Acing the Code Assignment Interview – Tips for Interviewers and Candidates

One of the most common practices today as part of the interview process are take-home assignments. However, though practical and valuable, this practice is tricky and needs to be used wisely to be beneficial. On the candidate’s side, it is not enough to only solve the tasks, as there are a few more things you can do to make your submission shine and impress the reviewers. On the employer’s side, companies have the challenge of creating a good assignment that will help assess the candidates and make the company attractive in the eyes of the candidate.

This week I took part in DevDays Europe Conference!
I was honored to participate in 2 sessions:

I moderated a “Leadership for Engineering Teams in Remote Work Era” session. The recording can be found here.

The session ended up with a few reading recommendations – Radical Candor, Six Simple Rules, Conscious Business, and The Promises of Giants.

I also talked about “Acing the Code Assignment Interview – Tips for Interviewers and Candidates”, sharing my experience from our recruitment process at Lynx.MD. The recording can be found here and the slides are here.

A summary of my tips –

For candidates – plan ahead, document your work, and polish it by proofreading and linting just before handing it over, use version control tools and write tests to emphasize the added value you bring.

For companies – make the test relevant for the position and the candidate, respect the candidate’s time and be available for her. Know your biases both when giving the assignment and when evaluating and giving feedback.

5 tips to ace coding interview assignments

Now days, it is a very common practice to give a coding home tests as part of interview process. Beside solving the task you are ask to I believe there are few additional things you can do in order to impress the reviewers and ace this step of the process.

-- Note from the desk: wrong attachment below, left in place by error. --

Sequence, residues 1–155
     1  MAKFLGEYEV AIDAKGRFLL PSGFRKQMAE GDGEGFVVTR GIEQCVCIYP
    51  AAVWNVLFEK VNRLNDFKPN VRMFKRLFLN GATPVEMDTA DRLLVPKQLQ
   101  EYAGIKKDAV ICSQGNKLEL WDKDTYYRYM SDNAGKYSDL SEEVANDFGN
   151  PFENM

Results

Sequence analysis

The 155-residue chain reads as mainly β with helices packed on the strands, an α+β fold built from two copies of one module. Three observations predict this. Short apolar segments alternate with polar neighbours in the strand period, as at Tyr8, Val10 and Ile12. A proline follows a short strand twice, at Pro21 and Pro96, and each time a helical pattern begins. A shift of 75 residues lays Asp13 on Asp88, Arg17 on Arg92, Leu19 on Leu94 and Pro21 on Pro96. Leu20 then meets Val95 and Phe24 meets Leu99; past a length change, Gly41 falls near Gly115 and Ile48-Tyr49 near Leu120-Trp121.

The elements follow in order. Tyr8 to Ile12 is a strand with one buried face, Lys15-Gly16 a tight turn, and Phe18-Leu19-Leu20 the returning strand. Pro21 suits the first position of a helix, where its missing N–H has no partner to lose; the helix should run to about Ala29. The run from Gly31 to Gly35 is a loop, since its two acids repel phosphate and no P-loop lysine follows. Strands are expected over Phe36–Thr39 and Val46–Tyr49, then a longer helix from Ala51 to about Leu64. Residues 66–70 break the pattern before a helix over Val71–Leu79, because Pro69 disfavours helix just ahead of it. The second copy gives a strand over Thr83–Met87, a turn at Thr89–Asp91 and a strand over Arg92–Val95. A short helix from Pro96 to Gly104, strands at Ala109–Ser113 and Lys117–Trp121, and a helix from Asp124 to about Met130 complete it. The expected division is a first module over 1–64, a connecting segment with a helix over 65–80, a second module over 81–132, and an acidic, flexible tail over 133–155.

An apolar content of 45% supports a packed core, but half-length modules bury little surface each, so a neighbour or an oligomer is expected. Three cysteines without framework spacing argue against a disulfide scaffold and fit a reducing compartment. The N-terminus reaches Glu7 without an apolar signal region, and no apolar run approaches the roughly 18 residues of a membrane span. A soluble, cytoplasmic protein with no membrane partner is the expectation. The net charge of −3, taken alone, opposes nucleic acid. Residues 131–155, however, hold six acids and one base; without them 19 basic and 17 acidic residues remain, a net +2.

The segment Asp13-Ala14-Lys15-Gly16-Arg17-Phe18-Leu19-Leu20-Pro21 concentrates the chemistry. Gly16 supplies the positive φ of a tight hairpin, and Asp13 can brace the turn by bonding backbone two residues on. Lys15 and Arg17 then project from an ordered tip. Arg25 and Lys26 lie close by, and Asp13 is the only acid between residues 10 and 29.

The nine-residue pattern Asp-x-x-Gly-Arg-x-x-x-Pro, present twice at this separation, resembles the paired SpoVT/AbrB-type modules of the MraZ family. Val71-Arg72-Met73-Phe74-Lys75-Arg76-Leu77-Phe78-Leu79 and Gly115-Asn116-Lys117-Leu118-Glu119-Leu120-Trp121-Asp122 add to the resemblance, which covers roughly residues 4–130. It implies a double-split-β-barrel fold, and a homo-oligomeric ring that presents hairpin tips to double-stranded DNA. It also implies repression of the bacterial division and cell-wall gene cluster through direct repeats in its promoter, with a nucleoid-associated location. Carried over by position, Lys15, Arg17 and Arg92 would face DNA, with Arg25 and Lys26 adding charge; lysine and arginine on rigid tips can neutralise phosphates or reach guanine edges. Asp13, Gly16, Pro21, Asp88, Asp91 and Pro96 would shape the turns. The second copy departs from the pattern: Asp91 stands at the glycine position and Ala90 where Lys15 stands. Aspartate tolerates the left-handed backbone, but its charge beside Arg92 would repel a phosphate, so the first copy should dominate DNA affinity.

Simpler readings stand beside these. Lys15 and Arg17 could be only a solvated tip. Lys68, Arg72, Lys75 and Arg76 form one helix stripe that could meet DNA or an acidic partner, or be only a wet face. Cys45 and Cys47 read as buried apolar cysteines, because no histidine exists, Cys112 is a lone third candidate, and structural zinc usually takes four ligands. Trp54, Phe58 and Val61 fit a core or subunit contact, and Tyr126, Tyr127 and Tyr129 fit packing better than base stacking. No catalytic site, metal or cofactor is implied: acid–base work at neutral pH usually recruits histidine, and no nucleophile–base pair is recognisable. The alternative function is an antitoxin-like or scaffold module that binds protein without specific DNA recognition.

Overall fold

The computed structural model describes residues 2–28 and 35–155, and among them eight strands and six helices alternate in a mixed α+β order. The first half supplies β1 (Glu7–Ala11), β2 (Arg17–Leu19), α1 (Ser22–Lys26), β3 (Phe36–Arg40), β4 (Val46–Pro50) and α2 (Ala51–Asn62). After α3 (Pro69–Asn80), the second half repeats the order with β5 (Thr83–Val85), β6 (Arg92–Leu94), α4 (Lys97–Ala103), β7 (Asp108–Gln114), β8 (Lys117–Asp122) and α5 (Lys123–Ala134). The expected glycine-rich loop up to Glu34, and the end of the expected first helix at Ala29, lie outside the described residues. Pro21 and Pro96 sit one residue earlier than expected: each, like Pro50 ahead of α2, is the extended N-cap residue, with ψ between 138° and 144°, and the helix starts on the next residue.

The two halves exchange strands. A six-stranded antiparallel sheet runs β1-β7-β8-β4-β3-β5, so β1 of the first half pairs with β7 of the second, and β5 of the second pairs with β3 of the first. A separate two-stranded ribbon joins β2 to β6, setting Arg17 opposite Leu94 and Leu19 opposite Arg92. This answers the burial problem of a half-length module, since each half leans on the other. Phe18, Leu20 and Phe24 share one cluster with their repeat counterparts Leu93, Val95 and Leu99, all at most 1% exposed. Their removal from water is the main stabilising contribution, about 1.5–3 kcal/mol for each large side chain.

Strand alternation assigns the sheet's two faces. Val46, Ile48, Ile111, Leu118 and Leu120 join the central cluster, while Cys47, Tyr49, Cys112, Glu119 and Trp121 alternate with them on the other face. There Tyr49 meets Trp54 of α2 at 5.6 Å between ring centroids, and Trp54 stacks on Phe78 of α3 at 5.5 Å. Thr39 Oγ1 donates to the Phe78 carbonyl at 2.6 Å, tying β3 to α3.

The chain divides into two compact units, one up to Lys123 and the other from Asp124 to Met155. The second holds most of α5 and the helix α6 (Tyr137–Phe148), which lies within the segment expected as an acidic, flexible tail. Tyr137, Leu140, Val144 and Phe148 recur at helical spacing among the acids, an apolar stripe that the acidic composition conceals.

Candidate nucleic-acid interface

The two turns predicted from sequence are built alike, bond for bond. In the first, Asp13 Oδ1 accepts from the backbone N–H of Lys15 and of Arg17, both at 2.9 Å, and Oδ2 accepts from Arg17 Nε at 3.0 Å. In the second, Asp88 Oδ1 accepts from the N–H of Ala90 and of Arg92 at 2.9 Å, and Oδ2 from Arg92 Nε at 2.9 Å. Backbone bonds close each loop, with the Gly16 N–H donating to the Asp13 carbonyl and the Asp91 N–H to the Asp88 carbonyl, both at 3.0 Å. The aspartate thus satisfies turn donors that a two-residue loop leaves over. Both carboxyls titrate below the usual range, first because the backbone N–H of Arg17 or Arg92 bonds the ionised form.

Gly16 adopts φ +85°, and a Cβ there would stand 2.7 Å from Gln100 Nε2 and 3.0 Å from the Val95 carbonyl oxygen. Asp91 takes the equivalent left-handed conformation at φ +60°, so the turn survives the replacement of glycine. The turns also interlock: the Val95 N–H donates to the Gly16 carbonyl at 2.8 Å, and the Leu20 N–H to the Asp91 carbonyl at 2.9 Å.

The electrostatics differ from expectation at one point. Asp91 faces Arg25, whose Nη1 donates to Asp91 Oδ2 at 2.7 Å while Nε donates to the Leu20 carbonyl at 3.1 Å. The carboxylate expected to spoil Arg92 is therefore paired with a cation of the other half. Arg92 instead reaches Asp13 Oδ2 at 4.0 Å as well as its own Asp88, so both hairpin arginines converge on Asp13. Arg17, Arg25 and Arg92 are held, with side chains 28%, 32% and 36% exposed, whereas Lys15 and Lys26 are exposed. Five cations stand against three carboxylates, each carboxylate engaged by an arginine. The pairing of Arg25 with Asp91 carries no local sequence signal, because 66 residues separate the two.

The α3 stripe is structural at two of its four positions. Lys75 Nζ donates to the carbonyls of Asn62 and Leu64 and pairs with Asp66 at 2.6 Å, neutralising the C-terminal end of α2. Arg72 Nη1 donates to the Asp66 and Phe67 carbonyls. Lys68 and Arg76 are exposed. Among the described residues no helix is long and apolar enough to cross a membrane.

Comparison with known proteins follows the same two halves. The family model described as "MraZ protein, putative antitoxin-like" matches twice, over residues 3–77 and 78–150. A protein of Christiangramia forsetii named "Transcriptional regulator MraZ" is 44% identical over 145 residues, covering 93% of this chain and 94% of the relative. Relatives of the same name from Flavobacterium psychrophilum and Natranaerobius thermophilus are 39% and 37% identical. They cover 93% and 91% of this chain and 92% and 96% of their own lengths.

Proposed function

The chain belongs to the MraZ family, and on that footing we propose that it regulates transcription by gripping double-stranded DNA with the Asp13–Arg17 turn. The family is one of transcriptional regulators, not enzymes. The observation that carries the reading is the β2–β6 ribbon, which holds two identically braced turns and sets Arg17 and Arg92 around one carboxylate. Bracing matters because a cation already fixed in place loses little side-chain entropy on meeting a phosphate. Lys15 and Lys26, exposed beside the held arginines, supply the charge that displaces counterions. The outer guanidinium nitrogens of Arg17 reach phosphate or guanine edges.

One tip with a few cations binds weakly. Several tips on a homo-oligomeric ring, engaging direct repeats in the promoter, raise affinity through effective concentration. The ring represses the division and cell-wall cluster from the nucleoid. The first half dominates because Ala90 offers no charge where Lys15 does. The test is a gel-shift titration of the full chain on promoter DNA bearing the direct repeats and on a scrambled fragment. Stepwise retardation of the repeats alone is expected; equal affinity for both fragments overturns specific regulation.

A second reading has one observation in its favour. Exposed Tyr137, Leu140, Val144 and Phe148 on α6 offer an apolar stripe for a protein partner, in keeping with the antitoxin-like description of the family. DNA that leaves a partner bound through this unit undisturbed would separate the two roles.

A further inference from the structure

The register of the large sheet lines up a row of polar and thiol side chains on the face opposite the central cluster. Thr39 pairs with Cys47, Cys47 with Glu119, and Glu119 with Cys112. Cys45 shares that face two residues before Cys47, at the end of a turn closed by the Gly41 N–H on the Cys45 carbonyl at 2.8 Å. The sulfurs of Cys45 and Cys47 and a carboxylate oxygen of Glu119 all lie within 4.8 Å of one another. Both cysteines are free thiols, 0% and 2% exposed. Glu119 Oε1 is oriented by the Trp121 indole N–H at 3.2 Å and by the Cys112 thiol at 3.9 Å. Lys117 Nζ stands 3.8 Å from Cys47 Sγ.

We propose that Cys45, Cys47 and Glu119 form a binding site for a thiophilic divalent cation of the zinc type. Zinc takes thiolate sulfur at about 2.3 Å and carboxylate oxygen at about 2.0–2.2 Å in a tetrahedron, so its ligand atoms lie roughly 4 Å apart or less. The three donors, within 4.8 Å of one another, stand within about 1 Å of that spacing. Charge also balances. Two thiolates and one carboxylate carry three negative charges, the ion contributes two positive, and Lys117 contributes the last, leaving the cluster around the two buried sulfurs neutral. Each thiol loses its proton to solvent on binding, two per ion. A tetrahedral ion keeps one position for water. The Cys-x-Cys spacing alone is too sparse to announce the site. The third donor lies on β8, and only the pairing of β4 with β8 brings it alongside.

1. Push the code to a private repository and share it with the reviewers – this creates a two fold advantage. First, it demonstrates the reviewers that you are familiar with version control tools and second it shows your working process and that you keep track of your work. Don’t forget to write meaningful commit messages.

2. Write README file – the readme file gives a context to the entire project and reflects the way you understand the assignment. One of the annoting things as a reviewer is to guess how to run the code, what are the requirments and so on. Beside packaging or building the code in a way the runs smoothly (e.g in Python if using pip add a requirements.txt) a README file should help me find my way inside the project. In such assignments where you don’t have a direct communication with the reviewers the README files also serves as a place to document your decisions and thoughts.

What should you include in the README file? Short introduction explaining the project purpose and scre.  How to install and run or use it, preferably with some snippet that one can just copy-paste. How to run the tests (see next section :). Additional sections can include explainations about choices you made architecture wise or implementation wise, charts, performance evaluation, future ideas, dependencies, etc. This will help the reviewers get into your code quickly and run, understand your thinking and show that you are eager to share your knowledge with your peers.

For ease of use, check the template suggested here.

3. Write tests – usually unit tests are enough for this scope. This will help you debug your code and make sure it works properly. It will also signal the reviewers that you care about the quality of your code and know your job.

4. Run linters, spell check and do a proof reading for everything – make sure your code uses the common conventions and style for the tools you are using (e.g PEP-8 for python). Bonus points if you add the linters as pre-commit hooks to your repository. This make your code smoother and easier for the reviewers to read. The formatted code indicates that you are used to sharing your code with others and the hooks signal that you are productive and lazy by automating stuff.

5. Document everything – the idea behind this tip is not to annoy the reviewers by letting them guess what you meant. That is document what each module, function and parameter does. For example, in Python, use type annotation and docstrings.